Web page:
Dear Editor:
In a recent edition of the Observer, a wonderful story was presented about five musicians and their ascent in the field of music. The story borrowed a structural comparison from the world of baseball that when applied to the Sarasota Orchestra is simply not a good fit. An impression was left by the article that musicians in orchestras other than those in the historic “big five” American orchestras are at a professional level less than major league.

Each time the musicians of the Sarasota Orchestra take to the stage, they exhibit a level of playing, artistry, commitment and attitude that firmly places them in their well-deserved major league standing. Our orchestra includes Grammy-nominated members, winners of major competitions and members of renowned summer music and teaching festivals.

Our patrons and subscribers whose long-term support has enabled our orchestra to grow know this to be true. If you have not heard the Sarasota Orchestra, I invite you to come and experience for yourself our exceptional, major league musicians and the magical leadership of our new music director, Anu Tali.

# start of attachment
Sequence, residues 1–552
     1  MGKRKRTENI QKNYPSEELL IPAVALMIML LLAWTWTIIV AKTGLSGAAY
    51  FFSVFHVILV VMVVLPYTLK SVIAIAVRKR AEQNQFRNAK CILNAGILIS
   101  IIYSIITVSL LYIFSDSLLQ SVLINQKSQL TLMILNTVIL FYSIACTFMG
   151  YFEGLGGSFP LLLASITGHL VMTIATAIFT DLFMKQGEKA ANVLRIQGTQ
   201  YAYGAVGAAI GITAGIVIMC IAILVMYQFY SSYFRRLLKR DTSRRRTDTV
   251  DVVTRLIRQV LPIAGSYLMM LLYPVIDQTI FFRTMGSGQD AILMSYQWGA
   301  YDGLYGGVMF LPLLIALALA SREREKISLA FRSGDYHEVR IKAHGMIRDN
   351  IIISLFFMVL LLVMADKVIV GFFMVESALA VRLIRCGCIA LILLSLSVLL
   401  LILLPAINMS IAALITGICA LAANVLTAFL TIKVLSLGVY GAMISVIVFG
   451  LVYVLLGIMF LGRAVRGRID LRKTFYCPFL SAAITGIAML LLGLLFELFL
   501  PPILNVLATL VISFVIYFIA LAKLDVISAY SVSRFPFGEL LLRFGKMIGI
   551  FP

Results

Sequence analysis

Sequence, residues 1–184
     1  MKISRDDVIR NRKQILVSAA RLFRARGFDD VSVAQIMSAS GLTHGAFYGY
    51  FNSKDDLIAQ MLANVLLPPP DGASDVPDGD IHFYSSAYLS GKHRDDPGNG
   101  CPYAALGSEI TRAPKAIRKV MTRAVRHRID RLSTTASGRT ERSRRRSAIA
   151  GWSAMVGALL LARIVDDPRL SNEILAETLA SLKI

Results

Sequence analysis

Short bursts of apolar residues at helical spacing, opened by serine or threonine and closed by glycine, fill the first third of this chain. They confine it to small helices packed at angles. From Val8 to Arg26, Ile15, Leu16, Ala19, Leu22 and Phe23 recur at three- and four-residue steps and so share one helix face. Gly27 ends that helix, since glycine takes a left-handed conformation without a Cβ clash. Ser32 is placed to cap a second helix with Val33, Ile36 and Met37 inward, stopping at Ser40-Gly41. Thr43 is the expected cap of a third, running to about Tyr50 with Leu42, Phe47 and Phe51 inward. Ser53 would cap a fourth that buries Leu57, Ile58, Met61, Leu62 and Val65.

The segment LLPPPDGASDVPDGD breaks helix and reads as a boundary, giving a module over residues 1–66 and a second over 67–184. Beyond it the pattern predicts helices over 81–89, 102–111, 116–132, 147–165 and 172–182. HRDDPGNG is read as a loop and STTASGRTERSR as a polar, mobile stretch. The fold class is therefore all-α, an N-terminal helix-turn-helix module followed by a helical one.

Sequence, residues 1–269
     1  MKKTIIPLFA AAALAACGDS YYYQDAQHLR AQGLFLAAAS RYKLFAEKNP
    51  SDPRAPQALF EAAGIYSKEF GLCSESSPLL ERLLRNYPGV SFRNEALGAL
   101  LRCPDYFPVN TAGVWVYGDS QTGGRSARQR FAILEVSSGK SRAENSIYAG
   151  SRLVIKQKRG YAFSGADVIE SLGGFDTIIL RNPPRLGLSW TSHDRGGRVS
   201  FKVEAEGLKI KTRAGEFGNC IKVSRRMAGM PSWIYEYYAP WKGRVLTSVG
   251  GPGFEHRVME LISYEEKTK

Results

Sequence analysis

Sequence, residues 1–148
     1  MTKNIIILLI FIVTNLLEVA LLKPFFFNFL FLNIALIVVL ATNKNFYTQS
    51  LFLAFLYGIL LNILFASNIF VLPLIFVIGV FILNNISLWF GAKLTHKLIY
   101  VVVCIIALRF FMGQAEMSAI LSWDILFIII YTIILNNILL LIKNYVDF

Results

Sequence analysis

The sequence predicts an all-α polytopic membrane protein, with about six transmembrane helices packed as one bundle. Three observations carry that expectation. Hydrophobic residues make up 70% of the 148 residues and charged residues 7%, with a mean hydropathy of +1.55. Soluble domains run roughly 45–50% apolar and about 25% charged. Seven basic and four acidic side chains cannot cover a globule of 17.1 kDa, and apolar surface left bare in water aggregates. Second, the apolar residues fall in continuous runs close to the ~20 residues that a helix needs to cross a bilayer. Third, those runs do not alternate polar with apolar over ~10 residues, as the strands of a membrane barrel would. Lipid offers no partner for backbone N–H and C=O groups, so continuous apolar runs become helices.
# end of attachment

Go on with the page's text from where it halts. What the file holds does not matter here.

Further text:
Joseph McKenna
President and CEO,
Sarasota Orchestra

+ Marco Nistico stole the show in ‘Il Barbiere di Siviglia’
Dear Editor:
As Rossini’s “Il Barbiere di Siviglia” is one of our favorite operas — and because my wife and I had tickets for the Feb. 26 evening performance by the Sarasota Opera — I read with interest and anticipation June LeBell’s review in the Feb. 20 Observer. We had also seen the Sarasota Opera’s 2008 season presentation of the same work, which, incidentally, also featured Marco Nistico in the role of Figaro.

Perhaps due to the nature of live operatic performances — every performance is, of course, different in some way(s), even with the same performers — the opera we experienced differed in several respects from that described by LeBell. In particular, her review of Nistico’s performance was less than enthusiastic. She wrote: “ ... his famous ‘Largo’ was fine but not mesmerizing — he was more careful with his music and acting, making Figaro less than the superhuman, ingenious young man he’s meant to be.” And: “Perhaps he’ll become the electrifying character called for, as the season continues.” Well, he must have evolved pretty quickly! His performance Wednesday night was spot-on — electrifying and with a wonderfully nuanced “Largo.” So, please permit our dissenting vote.